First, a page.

Shanghai art scene articleJun 8th, 2010 | By Chris | Category: Published work, Random Shanghai stuff...
I was asked to write an introduction to Shanghai’s art scene, for Yishu Journal. It was published in their annual guide.
Shanghai’s Destiny on the Make
By Chris Gill
Shanghai is a city on the make, combined with the city’s international outlook, and the very optimistic Shanghainese view of its future, there is a strong sense of destiny prevalent in the air that the city is rising to reclaim its place as one of the world’s centers of arts and culture. Contrasting strongly with the last couple of decades of slow but steady progress in the arts, there is a sudden burst of activity surrounding the World Expo (May – October 2010), with big name artists and huge projects parachuting in, which in some ways contradict what Shanghai’s art scene has always been about–quietly developing in dark and musty corners of the city, away from the attention and more commercial minded art scenes found in other cities. This is a city where it is better to avoid the large majestic and monumental style works more popular in Beijing, as the practical minded Shanghainese mentality will critique such works to their doom.
Shanghai is a city with less than a 100 years of any real history, so it does not carry the burden of thousands of years of culture that wearies the arts in many other parts of China. Under the auspices of the estimated USD 45 billion budget for World Expo developments, Shanghai continues to reinvent itself while its art scene is polarized between official building projects, many semi-private initiatives, and a local scene that is likely to go more underground.
Local underground scene
Shanghai’s small group of artists, relative to Beijing, tend to the experimental, quirky, and offbeat, often challenged on finances and space. With the attendant Expo hooplah, the local arts scene is likely to go more underground, focusing on small galleries and pop-up spaces. The same crowd may not gather together twice in one place, moving according to very obscure whims as it chases the latest thing across the city. Local ad-hoc spaces appear in numbers in downtown Shanghai, two recent additions being ‘The Nut’ and ‘Neon’ which host creative art evenings and pop-up shows. The art districts of 50 Moganshan Road and Weihai Road 696 also are surrounded by development of new galleries and creative spaces.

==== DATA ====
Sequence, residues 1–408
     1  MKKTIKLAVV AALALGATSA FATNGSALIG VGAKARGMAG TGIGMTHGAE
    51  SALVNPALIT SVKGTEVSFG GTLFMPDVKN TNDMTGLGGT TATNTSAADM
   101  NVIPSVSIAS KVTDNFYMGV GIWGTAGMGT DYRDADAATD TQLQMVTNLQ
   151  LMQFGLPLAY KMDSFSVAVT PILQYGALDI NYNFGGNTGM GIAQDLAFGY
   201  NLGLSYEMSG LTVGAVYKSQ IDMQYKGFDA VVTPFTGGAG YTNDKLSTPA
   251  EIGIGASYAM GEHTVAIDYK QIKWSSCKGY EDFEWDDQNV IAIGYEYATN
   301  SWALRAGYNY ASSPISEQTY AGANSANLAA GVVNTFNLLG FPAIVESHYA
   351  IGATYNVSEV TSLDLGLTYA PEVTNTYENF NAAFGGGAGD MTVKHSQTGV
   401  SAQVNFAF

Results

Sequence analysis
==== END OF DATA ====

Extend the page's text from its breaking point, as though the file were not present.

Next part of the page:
Private museums and cultural spaces
In anticipation of the Expo’s estimated 100 million visitors, numerous semi-private developments have opened, including several museums and related creative spaces. Leading the swathe of new cultural initiatives is the new Shanghai Rockbund Art Museum, housed in a 1932 art deco building on Shanghai’s iconic riverfront, originally designed by the architect David Chipperfield. The museum is a part of an ongoing six block development managed by the Rockefeller Group. The inaugural exhibition “Cai Guoqiang: Peasant Da Vincis” opened on May 4 in its modest 900 sqm exhibition space. Two years after its soft opening, the Minsheng Art Museum in the Red Town art zone on Huaihai Road, launched an ambitious display of “Three Decades of Contemporary Chinese Art: Painting (1979-2009)” in late April 2010. Only a portion of the 100 works displayed hailed from the recognized Minsheng Bank corporate collection while most other works were on private loan.
The Shanghai government issued a policy to ‘bundle’ cultural activities, away from the ‘urban core’ but easily accessible by Shanghai’s new extensive subway network. The USD 15 million cultural center development in the once remote Minhang district is publicized as a prime example of success, with local papers saying it can be reached via subway in an overly optimistic 7 minutes. In the Pudong district, home to the main World Expo site, the Zendai Himalaya Museum opened a 3000sqm ‘art supermarket’ selling low priced art works. The museum reported that ‘80%’ of works sold in the RMB 5000 category, with initial revenues reaching RMB 570,000 on its opening day in late November 2009. Other openings include a Chinese hometown folk museum, a brick and tile museum, a world coin museum, a water museum, and numerous other “cultural sub-centers” developed by Shanghai’s suburban governments.